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Reservations

     IRC site

CRC Article = 51
Note:
Article 2(1)(d) of the Vienna Convention on the Law of Treaties (1969) defines a reservation as "a unilateral statement, however phrased or named, made by a state, when signing, ratifying, accepting, approving or acceding to a treaty, whereby it purports to exclude or modify the legal effect of certain provisions of the treaty in their application to that state". Reservations must be distinguished from other statements made with regard to a treaty that are not intended to have the legal effect of a reservation, such as understandings, political statements and interpretative declarations. Most treaties declare their positions as regards reservations. Some specify that reservations are possible with regard to certain provisions only, while others prohibit altogether any reservations. The CRC provides in Article 51 that reservations may be made by States at the time of ratification or accession, and shall be received and circulated to all States by the Secretary-General of the United Nations. Reservations incompatible with the object and purpose of the CRC shall not be permitted. The rules of international treaty law concerning reservations are set forth in Articles 19 to 23 of the Vienna Convention on the Law of Treaties (1969).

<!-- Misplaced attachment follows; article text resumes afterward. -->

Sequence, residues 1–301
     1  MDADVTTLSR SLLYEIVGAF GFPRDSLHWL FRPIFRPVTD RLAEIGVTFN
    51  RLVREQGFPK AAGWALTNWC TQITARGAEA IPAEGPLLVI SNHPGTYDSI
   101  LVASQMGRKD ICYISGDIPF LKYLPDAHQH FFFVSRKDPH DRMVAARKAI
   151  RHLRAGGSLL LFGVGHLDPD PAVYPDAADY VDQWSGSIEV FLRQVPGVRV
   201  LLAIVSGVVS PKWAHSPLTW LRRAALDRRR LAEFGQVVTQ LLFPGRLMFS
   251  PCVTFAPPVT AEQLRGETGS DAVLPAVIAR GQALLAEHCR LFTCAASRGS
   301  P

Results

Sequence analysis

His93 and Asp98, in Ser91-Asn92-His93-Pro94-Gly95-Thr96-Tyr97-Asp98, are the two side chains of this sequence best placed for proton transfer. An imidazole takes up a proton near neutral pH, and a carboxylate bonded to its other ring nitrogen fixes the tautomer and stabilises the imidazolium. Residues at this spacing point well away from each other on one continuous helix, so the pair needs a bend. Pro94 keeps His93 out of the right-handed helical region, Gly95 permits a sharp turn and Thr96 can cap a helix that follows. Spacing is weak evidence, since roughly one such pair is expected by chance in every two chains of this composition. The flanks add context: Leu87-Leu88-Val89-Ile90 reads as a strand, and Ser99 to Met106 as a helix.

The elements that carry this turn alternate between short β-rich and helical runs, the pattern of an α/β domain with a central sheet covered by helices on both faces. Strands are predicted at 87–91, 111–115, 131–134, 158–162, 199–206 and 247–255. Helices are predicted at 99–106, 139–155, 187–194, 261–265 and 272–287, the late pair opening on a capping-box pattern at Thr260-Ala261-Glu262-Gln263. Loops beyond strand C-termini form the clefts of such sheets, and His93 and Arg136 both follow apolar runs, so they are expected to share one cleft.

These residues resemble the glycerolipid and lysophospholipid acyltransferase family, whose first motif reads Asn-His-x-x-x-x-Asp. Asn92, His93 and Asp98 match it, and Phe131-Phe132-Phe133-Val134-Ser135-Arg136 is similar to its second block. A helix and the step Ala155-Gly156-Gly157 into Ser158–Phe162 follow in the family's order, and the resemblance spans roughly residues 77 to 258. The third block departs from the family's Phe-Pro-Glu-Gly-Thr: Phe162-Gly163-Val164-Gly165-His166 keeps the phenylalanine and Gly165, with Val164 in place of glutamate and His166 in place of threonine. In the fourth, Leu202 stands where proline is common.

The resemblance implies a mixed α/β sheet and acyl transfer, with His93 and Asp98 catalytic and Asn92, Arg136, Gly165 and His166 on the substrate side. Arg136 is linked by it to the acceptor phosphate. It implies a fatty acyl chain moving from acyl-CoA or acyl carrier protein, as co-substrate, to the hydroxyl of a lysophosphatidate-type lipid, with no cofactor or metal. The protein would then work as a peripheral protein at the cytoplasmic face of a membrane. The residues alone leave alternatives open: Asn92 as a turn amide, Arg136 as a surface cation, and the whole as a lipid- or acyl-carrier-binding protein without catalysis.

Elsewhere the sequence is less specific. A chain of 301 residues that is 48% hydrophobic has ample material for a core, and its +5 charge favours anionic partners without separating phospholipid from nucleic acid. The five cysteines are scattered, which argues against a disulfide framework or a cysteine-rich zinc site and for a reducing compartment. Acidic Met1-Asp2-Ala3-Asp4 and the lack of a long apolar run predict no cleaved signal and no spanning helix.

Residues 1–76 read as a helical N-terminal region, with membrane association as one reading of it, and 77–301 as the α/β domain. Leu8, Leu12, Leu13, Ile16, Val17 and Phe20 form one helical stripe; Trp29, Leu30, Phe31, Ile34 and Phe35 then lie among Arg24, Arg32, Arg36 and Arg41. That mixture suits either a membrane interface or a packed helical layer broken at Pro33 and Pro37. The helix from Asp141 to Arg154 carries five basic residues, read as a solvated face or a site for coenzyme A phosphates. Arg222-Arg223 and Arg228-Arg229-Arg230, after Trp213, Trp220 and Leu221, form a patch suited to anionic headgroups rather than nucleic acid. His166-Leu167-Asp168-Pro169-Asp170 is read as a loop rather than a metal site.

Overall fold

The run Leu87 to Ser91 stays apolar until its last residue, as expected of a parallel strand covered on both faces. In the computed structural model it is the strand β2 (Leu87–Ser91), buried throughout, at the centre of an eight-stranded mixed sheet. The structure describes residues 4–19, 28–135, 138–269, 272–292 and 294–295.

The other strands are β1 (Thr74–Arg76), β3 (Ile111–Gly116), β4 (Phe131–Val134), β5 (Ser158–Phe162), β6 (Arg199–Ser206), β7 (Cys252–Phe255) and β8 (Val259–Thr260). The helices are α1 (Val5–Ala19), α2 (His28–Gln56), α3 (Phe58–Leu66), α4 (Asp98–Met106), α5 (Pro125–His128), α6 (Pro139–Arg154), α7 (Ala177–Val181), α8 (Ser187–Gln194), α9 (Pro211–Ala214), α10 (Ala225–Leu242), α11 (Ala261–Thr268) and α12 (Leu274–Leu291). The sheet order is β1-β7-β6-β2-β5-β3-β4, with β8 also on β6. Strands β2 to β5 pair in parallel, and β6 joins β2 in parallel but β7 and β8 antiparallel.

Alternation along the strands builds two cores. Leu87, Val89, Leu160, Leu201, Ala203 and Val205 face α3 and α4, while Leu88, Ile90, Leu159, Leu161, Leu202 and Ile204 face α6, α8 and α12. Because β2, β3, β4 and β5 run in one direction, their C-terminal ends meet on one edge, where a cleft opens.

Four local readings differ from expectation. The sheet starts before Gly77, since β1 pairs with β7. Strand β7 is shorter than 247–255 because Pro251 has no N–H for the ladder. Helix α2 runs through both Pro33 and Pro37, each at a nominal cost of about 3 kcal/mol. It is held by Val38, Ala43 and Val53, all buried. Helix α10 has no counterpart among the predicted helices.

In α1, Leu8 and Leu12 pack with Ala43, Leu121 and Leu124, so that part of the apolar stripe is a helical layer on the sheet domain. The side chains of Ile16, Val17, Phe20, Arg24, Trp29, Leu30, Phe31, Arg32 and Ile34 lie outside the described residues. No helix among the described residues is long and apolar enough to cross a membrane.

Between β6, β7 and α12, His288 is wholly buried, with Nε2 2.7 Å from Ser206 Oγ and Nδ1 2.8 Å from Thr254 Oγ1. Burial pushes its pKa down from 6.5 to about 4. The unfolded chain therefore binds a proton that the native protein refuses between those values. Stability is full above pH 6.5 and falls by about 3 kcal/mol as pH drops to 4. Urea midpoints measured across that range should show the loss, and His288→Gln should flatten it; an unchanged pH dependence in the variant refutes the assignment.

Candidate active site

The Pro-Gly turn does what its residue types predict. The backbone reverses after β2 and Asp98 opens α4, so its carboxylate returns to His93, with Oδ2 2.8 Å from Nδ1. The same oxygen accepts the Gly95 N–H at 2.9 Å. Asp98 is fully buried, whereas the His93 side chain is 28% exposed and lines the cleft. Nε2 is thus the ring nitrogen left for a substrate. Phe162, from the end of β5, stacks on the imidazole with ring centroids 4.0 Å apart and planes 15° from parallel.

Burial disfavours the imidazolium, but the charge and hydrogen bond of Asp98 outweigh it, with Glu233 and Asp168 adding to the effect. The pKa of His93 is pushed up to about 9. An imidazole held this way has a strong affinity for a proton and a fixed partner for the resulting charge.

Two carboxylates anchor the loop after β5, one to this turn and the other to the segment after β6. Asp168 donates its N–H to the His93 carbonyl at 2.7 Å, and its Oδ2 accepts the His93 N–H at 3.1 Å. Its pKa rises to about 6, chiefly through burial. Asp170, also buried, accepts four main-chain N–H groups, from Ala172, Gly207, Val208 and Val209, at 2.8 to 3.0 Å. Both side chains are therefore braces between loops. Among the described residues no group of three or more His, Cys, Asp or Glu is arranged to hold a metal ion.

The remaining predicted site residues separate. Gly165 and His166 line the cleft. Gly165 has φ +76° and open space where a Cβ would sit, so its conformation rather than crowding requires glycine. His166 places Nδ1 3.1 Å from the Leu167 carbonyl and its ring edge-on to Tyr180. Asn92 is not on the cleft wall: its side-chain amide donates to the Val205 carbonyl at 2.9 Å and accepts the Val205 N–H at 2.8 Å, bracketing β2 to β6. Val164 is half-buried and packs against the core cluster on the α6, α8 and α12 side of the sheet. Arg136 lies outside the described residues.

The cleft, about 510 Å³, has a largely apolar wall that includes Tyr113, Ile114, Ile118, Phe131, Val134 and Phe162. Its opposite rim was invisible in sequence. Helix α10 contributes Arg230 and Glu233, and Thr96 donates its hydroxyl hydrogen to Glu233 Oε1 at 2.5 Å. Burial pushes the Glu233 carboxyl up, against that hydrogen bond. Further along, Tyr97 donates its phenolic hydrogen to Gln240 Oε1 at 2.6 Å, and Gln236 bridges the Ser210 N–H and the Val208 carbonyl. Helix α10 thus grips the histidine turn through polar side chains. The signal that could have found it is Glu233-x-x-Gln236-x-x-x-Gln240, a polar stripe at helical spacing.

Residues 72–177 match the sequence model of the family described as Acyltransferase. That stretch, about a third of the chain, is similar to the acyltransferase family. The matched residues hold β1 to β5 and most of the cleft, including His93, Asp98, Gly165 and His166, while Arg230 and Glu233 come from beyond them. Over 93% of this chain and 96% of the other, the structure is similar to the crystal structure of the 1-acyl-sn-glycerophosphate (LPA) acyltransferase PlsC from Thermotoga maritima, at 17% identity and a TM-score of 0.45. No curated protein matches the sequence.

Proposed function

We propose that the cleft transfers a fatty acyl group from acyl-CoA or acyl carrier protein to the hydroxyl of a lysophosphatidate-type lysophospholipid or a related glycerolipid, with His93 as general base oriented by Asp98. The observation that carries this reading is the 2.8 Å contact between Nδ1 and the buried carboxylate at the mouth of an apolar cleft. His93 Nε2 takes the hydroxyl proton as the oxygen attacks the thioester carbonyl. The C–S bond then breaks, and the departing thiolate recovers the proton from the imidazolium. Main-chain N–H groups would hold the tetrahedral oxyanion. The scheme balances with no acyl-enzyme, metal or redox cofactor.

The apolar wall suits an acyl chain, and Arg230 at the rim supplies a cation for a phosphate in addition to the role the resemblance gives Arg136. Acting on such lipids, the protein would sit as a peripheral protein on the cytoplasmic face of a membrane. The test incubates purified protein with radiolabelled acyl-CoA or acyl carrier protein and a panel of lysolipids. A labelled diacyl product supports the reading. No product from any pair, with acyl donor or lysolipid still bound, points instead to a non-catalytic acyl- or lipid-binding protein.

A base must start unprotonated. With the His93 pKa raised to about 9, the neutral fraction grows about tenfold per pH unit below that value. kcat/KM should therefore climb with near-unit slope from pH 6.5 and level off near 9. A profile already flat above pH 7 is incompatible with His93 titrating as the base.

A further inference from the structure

See also:
Amendments   Denunciation   Depositary